Many of the technical assistance questions I receive share a common theme about getting a team back on track. This has been especially true in the midst of COVID-19, which forced several teams to cease in-person meetings. In addition to having to navigating the pandemic, there are many other reasons why teams fall into a slump, or eventually stop meeting. From a loss of a dedicated team member to a change in funding, this response can be quite typical. The good news is that teams can most certainly get themselves out of this slump. The following are just a few different ways I have seen teams get re-engaged after a break or shake up.
Find a project to inspire team members: Oftentimes, people need a project to work on to get them inspired about the work. Suggesting and collectively identifying a small and meaningful project – like updating policies, collecting data to identify gaps in services, a small-scale evaluation, or creating a social media outreach strategy – can really kick start that re-engagement process. The Attorney General’s Office has been rolling out the sexual assault kit tracking (SAKT) initiate over the past year and will be brining it full scale by the end of this month. This is a great opportunity to assess your current work by collecting and monitoring kit tracking data using this system. When teams have lost their momentum, and then try and tackle a large project before re-engaging all members, they continue to struggle with the same issue of lack of motivation. This is why I recommend taking on small and meaningful projects to build confidence and relationships.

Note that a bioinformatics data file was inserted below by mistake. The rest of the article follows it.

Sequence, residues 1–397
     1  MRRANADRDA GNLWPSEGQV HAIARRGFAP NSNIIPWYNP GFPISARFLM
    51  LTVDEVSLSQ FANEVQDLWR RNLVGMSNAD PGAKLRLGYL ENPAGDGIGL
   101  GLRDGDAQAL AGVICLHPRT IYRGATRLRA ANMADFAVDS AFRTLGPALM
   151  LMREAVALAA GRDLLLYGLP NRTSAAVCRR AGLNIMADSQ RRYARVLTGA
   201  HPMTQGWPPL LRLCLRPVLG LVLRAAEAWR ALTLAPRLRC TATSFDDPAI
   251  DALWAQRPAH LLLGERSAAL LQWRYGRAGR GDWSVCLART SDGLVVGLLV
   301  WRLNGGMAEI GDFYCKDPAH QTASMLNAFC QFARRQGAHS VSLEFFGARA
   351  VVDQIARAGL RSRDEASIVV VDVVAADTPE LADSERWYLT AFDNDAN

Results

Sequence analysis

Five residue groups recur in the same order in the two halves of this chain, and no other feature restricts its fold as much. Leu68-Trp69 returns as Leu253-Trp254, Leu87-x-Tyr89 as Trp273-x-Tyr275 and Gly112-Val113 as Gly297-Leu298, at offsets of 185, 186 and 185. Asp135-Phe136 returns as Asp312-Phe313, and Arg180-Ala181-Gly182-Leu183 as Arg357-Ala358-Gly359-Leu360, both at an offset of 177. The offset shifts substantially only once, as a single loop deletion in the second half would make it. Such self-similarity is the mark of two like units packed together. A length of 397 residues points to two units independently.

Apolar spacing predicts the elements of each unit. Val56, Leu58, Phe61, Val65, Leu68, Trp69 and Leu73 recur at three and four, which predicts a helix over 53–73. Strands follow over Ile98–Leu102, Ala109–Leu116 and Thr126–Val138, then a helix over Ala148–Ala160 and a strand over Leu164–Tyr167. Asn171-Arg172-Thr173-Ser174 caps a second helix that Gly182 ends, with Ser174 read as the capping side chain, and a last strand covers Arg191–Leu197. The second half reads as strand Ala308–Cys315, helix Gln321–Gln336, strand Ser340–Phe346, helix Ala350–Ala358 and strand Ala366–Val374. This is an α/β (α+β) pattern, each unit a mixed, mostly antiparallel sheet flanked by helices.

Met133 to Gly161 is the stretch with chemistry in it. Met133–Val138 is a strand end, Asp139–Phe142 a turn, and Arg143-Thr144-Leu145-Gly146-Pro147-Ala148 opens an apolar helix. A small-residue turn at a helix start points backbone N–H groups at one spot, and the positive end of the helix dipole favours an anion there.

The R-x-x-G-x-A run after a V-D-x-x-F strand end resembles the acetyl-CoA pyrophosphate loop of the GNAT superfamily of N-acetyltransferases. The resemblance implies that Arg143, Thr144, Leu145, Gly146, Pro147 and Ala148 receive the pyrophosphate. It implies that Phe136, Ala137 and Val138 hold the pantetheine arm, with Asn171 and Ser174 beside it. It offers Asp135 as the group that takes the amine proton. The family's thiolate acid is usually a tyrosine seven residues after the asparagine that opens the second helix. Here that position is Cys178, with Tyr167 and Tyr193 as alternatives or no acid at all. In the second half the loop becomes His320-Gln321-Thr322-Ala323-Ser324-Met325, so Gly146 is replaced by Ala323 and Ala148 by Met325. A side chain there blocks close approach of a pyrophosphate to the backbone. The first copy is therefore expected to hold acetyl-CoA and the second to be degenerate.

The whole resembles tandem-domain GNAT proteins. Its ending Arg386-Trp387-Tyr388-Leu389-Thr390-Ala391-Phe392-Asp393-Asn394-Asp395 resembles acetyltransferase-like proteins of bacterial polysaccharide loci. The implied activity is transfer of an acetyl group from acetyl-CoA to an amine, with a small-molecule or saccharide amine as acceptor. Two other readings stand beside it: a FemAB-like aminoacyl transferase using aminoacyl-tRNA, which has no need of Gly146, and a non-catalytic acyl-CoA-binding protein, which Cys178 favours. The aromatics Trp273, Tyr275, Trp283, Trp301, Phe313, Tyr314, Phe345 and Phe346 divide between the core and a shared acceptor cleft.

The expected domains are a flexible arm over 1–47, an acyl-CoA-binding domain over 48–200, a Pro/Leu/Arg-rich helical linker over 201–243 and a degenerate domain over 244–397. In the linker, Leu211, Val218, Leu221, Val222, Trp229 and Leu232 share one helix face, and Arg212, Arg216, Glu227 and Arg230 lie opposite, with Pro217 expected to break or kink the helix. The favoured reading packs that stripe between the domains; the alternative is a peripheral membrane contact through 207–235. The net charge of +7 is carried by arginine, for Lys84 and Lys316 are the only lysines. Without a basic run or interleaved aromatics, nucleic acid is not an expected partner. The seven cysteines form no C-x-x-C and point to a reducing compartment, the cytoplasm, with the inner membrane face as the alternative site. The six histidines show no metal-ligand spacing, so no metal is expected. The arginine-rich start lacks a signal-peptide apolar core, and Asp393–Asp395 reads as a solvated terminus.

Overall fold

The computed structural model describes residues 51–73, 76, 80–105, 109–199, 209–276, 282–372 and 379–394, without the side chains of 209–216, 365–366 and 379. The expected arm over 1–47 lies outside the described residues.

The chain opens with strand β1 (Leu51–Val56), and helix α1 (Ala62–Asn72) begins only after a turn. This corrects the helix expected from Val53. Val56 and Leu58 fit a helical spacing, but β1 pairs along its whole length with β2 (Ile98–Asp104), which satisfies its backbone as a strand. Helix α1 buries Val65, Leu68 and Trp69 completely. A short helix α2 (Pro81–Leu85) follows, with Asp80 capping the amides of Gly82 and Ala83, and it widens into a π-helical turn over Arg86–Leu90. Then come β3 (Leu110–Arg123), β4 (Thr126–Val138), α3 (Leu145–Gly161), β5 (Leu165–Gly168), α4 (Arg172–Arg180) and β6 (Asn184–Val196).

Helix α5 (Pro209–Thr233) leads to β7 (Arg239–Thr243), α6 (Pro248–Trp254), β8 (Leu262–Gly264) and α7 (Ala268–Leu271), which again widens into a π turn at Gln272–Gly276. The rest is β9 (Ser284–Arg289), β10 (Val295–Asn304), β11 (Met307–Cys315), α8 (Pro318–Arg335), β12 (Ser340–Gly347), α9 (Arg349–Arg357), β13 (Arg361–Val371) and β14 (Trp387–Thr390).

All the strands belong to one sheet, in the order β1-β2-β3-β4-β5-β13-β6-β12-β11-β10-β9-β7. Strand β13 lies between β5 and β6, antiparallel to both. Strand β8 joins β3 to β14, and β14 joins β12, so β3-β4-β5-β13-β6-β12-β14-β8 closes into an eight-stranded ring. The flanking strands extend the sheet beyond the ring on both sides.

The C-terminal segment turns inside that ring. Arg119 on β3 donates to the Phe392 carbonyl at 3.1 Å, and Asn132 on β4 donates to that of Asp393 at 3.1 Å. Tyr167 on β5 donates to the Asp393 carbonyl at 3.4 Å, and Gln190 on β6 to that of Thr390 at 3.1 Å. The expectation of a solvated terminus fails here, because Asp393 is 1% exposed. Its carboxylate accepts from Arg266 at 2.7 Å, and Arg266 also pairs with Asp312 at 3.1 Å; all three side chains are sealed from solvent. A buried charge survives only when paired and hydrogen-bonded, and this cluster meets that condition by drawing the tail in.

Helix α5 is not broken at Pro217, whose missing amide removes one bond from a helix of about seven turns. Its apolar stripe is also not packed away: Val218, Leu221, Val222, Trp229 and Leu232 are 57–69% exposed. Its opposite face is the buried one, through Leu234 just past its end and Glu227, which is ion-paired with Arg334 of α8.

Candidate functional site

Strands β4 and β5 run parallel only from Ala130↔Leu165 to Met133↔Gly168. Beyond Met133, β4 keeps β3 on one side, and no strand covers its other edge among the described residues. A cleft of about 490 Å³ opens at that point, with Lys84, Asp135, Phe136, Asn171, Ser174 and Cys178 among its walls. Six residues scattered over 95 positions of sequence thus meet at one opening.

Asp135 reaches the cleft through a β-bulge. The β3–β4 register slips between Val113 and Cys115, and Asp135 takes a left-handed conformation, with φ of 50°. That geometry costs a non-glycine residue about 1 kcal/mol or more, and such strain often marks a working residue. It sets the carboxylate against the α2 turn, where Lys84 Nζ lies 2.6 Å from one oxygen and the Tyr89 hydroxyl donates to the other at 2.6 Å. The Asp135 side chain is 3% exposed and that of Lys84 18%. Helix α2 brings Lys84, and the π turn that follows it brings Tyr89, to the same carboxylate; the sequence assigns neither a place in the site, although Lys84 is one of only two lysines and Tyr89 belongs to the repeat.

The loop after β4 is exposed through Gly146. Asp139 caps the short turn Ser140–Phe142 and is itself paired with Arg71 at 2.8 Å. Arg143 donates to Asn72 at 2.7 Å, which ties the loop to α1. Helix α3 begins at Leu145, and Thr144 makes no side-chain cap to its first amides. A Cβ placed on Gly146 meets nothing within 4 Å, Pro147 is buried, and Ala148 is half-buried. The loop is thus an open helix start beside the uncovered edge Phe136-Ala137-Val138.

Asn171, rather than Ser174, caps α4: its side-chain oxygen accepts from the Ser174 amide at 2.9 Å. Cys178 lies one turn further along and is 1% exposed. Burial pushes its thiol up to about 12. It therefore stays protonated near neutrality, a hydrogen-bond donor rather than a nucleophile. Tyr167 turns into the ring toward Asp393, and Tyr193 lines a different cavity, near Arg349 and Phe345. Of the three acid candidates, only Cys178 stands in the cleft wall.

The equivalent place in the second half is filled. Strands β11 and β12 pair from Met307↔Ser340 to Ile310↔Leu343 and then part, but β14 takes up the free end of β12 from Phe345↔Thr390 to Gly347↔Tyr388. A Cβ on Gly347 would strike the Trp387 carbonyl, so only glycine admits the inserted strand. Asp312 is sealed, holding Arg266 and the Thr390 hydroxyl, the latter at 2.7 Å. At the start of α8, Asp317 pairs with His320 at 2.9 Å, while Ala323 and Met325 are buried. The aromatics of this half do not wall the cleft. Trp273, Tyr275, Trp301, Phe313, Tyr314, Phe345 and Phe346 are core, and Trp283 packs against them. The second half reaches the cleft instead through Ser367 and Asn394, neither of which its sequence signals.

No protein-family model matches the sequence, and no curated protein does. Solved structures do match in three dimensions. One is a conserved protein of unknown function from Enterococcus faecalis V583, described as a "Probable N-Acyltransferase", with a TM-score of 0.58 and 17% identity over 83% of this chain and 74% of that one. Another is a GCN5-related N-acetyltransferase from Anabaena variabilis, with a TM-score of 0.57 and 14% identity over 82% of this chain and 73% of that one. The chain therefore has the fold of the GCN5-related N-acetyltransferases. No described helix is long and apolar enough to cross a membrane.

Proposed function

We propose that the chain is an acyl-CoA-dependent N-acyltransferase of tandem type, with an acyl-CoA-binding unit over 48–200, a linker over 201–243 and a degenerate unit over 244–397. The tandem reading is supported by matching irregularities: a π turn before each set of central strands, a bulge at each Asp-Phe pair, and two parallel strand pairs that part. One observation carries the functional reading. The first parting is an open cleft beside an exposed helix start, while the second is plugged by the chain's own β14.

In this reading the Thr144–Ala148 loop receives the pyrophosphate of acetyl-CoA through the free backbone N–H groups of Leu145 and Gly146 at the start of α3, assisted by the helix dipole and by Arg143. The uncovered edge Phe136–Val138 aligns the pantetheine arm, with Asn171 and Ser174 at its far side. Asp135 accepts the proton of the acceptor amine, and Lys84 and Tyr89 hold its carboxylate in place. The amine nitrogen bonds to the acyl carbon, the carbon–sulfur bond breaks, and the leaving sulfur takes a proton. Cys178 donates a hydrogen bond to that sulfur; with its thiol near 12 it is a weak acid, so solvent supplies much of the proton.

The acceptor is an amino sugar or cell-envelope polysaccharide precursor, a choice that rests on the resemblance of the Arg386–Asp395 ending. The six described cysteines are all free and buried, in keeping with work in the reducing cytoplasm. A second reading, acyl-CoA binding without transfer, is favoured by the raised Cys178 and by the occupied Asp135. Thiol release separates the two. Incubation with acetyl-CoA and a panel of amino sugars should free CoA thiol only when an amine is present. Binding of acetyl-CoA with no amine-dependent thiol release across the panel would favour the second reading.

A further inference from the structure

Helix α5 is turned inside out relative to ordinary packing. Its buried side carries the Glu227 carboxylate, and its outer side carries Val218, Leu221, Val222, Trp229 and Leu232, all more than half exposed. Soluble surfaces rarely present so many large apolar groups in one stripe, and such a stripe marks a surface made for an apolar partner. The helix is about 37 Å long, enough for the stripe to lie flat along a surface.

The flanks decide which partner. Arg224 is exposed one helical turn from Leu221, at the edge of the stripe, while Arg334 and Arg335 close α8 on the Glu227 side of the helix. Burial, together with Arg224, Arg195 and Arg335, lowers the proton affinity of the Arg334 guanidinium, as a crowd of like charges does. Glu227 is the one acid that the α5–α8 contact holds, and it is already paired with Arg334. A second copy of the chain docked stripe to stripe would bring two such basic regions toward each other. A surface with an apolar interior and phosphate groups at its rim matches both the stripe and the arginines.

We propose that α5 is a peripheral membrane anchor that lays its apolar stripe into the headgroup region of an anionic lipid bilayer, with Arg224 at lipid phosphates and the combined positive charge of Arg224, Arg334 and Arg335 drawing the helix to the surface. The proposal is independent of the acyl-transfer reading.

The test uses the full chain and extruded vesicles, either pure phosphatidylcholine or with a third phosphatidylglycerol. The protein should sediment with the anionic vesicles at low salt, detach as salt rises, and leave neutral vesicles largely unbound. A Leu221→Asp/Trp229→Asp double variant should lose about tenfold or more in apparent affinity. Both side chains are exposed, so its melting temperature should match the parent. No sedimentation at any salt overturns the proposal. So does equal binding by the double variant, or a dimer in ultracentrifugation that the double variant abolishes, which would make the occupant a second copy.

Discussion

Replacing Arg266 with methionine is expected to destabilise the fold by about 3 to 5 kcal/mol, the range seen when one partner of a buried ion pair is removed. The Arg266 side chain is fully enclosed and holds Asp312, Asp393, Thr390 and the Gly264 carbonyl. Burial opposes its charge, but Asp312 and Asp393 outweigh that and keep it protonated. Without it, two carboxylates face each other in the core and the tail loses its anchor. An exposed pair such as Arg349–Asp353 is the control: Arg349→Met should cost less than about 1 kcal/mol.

Seek out new team members: When the team is regrouping, it’s a good time to ask if you have all the players present who should be at the table. Your team should be reflective of the community you serve. Sexual violence is a community issue and a CCRT/SART should include community members who want to be a part of the solution. This could include faith-based leaders, culturally specific organizations, LGBTQIA inclusive agencies, and key stakeholders who may not necessarily belong to any particular organization. Take time to review your current membership and if you find that there are key players missing, inviting new members can bring energy and enthusiasm to an un-engaged team.
There are several options for teams to come back together and determine how they want to move forward. Looking back on past accomplishments or assessing the state of your current work can help the team craft new goals to work towards. Remember, slumps are a normal feature of multi-disciplinary team work. You can and will overcome them!!